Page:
Billion here, billion there: We need Dirksen’s wisdom
Runaway government spending sometimes brings to mind the sagacious Everett McKinley Dirksen, who served in Congress from Illinois from 1933 to 1969 and was minority leader of the Senate for the last 10 of those years.
That was when "minority" meant "Republican." Mr. Dirksen, like many Republicans of his day, regularly decried deficit spending by a government that was largely controlled by Democrats.
Perhaps the most famous comment attributed to Mr. Dirksen is "A billion here, a billion there, and pretty soon you're talking real money."
Problem is, he may not have said that.
The Dirksen Congressional Center, a nonpartisan, nonprofit organization in Pekin, Ill., that seeks to get more people involved in civic affairs and help them understand Congress, tried to authenticate the quote.
On its Web site, www.dirksen
center.org, the center reports that archivists examined audiotapes, speech notes, newspaper clippings, transcripts and the Congressional Record.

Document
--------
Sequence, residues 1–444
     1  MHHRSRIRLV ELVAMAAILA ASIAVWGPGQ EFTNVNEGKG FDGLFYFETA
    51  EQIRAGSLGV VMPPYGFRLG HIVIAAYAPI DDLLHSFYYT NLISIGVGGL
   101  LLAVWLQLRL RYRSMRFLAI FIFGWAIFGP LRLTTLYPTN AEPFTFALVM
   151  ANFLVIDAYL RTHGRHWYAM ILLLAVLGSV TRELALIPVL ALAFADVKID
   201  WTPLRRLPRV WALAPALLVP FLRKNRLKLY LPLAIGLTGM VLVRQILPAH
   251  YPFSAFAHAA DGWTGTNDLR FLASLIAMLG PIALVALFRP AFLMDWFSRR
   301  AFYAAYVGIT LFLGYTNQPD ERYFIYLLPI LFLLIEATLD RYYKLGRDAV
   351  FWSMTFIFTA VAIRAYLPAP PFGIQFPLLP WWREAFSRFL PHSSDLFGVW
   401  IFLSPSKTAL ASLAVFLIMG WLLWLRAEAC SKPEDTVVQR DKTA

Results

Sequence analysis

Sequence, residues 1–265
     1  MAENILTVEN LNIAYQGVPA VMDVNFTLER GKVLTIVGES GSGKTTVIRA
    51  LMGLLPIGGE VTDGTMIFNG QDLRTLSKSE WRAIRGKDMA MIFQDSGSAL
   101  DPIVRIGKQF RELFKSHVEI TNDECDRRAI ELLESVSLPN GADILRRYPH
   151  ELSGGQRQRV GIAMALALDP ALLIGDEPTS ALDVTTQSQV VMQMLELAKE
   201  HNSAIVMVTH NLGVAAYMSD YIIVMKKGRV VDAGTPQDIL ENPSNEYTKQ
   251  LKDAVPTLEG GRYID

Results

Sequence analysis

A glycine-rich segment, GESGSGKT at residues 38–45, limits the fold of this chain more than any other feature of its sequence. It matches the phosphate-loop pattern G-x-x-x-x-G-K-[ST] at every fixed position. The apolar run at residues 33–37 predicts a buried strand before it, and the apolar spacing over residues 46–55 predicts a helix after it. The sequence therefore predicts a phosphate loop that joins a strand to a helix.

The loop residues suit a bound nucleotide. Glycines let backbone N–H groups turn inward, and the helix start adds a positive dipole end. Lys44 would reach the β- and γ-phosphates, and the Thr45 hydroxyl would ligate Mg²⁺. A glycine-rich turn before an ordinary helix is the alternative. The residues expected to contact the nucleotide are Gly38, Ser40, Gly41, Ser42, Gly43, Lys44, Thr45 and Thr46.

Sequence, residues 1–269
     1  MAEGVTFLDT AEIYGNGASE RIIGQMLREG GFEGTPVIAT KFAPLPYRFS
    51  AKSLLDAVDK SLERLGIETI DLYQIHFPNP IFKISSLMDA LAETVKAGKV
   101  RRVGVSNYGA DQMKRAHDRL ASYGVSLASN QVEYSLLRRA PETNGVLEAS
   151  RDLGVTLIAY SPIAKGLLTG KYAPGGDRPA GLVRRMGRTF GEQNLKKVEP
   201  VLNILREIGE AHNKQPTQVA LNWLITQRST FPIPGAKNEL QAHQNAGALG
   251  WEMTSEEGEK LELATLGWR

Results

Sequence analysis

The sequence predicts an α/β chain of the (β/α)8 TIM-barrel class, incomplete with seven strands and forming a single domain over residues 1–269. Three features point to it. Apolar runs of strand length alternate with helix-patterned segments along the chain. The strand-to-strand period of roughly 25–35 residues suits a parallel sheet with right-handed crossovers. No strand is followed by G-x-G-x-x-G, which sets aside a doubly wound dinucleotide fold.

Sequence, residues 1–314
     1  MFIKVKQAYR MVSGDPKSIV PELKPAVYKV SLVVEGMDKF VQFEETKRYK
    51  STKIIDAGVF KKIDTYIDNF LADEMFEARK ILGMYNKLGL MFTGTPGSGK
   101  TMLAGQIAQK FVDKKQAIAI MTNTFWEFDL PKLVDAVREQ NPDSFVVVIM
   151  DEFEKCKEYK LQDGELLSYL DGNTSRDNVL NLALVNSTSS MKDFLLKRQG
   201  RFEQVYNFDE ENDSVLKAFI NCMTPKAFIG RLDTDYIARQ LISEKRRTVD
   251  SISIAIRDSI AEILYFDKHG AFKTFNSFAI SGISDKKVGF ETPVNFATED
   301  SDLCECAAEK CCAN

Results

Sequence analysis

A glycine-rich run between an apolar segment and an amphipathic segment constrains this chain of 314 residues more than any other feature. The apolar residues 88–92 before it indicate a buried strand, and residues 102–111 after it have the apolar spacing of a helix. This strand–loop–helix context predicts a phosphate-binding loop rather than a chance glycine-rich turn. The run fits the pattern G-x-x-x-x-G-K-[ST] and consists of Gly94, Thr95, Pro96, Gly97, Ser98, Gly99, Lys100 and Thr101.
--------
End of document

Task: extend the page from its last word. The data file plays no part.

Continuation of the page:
They failed to find the famous comment, although Mr. Dirksen told some colorful illustrative stories when decrying, for example, a 1965 federal debt ceiling of $328 billion (the debt is now close to $8 trillion).
Mr. Dirksen often spoke off the cuff with minimal notes, so it's possible he said it. But a caller to the center in 2004 claimed that he sat by Mr. Dirksen on a flight and asked about it. The reply: "Oh, I never said that. A newspaper fella misquoted me once, and I thought it sounded so good that I never bothered to deny it."
Whether he said it or not, Mr. Dirksen disdained letting federal spending pile up with little or no thought of restraining it or finding corresponding revenue. We wonder what he would think of the comment of his fellow Republican, President Bush, about spending for Hurricane Katrina recovery: "It's going to cost what it's going to cost."